Significance: Patients with highly active and ultra-refractory focal epilepsy experienced meaningful seizure outcomes on cenobamate. Emergence of adverse events at doses above 250mg/day may limit the potential for further improvements in seizure control at higher cenobamate doses.

Differential Diagnosis of Familial Adult Myoclonic Epilepsy

Abstract found on Wiley Online Library

Familial adult myoclonic epilepsy (FAME) is an under-recognized disorder characterized by cortical myoclonus, generalized tonic-clonic seizures and additional clinical symptoms, which vary depending on the FAME subtype. FAME is caused by pentanucleotide repeat expansions of intronic TTTCA and TTTTA in different genes. FAME should be distinguished from a range of differential diagnoses. The phenotypic features of FAME, including generalized tonic-clonic and myoclonic seizures, are also seen in other epilepsy syndromes, such as juvenile myoclonic epilepsy, with a resultant risk of misdiagnosis and lack of identification of the underlying cause. Cortical myoclonus may mimic essential tremor or drug-induced tremor. In younger individuals, the differential diagnosis includes progressive myoclonus epilepsies (PMEs), such as Unverricht-Lundborg disease; whereas, in adulthood, late-onset variants of PMEs, such as sialidoses, myoclonus epilepsy, and ataxia due to potassium channel pathogenic variants should be considered. PMEs may also be suggested by cognitive impairment, cerebellar signs, or psychiatric disorders. The EEG may show similarities to other idiopathic generalized epilepsies or PMEs, with generalized spike-wave activity. Signs of cortical hyperexcitability may be seen, such as an increased amplitude of somatosensory evoked potentials or enhanced cortical reflex to sensory stimuli, together with the neurophysiological pattern of the movement disorder.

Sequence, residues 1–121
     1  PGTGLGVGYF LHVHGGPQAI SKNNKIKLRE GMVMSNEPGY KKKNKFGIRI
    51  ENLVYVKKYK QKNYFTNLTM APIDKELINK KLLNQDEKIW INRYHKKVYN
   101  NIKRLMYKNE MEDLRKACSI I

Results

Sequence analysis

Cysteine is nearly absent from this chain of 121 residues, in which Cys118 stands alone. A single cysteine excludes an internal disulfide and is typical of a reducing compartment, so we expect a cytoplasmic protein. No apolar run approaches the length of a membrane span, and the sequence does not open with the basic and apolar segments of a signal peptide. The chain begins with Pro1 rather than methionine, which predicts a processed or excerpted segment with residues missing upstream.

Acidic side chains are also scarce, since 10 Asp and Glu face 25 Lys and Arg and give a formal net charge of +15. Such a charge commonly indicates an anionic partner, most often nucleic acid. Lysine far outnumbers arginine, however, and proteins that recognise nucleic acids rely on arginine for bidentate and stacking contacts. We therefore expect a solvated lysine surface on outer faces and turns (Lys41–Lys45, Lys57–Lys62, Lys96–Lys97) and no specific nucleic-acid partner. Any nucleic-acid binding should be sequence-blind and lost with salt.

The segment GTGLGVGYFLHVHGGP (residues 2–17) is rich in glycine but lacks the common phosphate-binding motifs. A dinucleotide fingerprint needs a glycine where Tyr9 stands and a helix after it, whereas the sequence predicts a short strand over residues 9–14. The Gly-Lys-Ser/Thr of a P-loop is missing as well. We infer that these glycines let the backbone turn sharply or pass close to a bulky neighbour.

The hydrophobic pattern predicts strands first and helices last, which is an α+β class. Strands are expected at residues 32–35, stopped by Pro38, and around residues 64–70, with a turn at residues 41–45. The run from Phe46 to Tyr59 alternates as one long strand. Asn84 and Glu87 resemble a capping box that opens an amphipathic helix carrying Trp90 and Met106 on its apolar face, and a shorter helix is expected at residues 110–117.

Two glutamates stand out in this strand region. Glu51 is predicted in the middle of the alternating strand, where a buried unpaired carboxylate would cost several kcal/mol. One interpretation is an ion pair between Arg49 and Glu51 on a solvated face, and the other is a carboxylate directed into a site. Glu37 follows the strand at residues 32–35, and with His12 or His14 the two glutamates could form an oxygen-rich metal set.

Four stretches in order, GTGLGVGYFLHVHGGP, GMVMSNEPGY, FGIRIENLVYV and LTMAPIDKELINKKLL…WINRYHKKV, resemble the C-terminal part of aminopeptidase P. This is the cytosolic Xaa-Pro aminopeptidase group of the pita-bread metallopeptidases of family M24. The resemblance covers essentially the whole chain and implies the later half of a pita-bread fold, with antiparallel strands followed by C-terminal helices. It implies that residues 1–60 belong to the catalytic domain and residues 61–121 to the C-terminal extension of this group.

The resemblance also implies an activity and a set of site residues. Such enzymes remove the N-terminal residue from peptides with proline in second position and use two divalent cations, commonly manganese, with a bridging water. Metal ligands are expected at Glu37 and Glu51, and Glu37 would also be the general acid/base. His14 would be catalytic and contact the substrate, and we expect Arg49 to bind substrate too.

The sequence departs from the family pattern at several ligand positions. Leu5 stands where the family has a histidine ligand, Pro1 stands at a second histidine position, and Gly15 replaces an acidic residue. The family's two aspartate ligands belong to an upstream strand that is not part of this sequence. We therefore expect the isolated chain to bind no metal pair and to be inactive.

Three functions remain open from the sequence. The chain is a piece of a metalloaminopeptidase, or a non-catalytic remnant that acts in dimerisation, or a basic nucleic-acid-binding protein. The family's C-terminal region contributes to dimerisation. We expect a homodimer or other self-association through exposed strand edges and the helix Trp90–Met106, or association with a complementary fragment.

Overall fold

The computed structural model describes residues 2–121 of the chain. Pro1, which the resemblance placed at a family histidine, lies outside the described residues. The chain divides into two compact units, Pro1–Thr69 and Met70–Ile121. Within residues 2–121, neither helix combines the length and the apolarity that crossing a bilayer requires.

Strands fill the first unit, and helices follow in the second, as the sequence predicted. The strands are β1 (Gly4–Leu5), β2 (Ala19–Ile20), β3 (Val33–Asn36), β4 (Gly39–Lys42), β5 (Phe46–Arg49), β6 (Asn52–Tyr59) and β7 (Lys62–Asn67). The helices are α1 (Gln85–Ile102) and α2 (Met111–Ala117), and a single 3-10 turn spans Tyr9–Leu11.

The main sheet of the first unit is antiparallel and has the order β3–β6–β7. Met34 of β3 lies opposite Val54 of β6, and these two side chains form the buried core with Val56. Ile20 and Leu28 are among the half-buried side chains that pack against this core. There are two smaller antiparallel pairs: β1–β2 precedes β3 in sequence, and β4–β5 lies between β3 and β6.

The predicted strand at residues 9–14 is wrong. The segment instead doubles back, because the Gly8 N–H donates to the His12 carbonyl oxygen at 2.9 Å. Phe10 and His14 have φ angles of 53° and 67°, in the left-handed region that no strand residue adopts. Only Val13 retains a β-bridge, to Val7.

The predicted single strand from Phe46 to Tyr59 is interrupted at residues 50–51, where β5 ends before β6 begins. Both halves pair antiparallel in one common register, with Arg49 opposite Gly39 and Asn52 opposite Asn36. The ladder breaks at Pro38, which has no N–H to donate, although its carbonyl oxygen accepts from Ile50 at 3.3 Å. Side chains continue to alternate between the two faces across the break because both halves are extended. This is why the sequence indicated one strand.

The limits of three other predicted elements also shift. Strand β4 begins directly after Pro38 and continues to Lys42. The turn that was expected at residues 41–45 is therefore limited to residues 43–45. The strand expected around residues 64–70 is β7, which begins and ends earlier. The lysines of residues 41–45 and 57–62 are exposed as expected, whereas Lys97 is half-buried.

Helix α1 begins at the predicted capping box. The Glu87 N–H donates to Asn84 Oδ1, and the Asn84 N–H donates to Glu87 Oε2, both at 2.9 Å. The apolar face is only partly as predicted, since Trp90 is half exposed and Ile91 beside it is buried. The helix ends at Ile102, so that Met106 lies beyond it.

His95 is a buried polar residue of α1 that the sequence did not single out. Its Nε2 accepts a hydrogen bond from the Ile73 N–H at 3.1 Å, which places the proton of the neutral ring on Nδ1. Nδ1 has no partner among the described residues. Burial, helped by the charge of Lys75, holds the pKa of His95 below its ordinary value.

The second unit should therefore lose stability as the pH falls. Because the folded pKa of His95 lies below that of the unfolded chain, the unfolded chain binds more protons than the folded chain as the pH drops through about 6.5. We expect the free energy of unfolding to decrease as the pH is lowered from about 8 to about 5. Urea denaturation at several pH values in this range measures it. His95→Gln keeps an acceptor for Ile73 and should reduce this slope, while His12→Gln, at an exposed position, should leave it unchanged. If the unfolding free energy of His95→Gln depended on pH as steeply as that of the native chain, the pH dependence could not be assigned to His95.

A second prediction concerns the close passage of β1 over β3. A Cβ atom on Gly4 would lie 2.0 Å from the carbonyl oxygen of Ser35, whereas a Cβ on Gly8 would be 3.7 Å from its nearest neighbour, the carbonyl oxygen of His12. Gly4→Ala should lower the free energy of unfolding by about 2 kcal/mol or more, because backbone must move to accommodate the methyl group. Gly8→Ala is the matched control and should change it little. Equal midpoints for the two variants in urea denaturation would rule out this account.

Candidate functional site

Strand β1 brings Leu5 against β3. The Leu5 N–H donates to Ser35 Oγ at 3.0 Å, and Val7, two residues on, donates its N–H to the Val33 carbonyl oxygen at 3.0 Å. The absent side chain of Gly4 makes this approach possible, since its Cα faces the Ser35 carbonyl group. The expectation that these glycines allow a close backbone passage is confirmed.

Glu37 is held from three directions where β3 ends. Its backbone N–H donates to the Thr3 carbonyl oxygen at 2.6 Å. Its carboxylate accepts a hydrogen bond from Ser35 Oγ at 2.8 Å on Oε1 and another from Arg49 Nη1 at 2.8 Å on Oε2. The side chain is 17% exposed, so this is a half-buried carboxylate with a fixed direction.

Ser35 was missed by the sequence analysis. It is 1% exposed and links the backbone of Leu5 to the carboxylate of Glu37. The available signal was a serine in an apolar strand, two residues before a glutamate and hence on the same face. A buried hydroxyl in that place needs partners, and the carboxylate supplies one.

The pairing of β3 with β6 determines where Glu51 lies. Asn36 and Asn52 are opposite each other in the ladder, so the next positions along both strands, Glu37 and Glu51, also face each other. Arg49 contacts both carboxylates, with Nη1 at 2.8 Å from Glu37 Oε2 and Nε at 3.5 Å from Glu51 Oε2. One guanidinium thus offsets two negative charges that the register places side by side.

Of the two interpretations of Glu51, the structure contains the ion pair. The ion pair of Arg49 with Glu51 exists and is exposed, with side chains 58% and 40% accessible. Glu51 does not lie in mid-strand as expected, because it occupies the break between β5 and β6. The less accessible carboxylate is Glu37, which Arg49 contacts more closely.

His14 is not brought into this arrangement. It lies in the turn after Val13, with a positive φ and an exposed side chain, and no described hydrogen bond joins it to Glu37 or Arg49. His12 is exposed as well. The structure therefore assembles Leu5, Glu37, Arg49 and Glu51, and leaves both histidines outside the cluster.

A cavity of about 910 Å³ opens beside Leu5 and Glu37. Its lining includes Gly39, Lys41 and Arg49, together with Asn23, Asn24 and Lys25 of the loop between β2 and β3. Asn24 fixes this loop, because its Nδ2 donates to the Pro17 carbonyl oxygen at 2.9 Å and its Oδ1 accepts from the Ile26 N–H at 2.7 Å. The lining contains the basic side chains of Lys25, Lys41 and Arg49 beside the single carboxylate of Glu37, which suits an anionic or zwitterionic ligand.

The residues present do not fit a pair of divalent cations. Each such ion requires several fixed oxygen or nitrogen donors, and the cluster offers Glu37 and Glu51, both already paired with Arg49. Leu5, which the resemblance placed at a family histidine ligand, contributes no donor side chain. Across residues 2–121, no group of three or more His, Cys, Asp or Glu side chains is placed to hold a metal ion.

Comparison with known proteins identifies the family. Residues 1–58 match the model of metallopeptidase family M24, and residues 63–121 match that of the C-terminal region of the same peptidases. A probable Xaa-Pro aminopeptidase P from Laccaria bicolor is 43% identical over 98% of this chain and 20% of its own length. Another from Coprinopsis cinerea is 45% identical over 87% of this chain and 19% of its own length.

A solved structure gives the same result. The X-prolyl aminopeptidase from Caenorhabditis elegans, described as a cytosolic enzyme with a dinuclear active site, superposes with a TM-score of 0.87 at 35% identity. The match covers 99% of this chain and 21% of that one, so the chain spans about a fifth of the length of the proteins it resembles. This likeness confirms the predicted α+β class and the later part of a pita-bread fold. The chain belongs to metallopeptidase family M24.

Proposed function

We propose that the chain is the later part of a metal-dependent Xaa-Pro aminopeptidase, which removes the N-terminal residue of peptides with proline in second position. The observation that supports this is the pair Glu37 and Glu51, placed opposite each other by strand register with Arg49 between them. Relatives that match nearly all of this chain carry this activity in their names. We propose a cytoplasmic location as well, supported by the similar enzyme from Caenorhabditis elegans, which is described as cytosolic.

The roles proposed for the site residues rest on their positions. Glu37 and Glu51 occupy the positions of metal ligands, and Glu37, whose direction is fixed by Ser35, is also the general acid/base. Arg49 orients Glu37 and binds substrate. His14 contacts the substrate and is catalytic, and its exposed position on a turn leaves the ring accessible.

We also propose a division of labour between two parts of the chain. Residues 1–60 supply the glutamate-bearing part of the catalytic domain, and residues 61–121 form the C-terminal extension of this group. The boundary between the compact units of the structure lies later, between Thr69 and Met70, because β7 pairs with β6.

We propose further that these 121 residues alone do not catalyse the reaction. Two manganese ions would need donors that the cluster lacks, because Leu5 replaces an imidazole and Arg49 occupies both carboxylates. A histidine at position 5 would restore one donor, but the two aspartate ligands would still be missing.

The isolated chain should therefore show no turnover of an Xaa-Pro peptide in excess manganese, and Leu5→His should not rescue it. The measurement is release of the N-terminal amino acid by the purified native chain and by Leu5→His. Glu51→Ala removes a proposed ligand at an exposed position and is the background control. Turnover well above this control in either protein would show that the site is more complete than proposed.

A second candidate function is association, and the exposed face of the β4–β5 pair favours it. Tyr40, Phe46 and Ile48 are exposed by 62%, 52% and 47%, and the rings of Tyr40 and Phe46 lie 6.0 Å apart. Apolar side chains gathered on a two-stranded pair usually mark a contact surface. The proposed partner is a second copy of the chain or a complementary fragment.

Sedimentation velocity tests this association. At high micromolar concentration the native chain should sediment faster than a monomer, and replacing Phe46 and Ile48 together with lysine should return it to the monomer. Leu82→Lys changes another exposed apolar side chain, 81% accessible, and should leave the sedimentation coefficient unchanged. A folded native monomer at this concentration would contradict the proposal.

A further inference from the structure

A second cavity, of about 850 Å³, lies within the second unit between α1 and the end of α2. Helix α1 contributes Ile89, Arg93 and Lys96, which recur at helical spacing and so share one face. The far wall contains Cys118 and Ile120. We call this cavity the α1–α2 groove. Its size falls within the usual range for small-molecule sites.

Recognition of familial adult myoclonic epilepsy (FAME) will inform prognostic and genetic counseling, and diagnosis of the insidious progression which may occur in older individuals who show mild cognitive deterioration. Distinguishing FAME from other disorders in individuals or families with this constellation of symptoms is essential to allow identification of the underlying aetiology.

Epilepsy Research News: February 2023

This issue of Epilepsy Research News includes summaries of articles on:


Combining Diet with Drugs to Reduce Seizures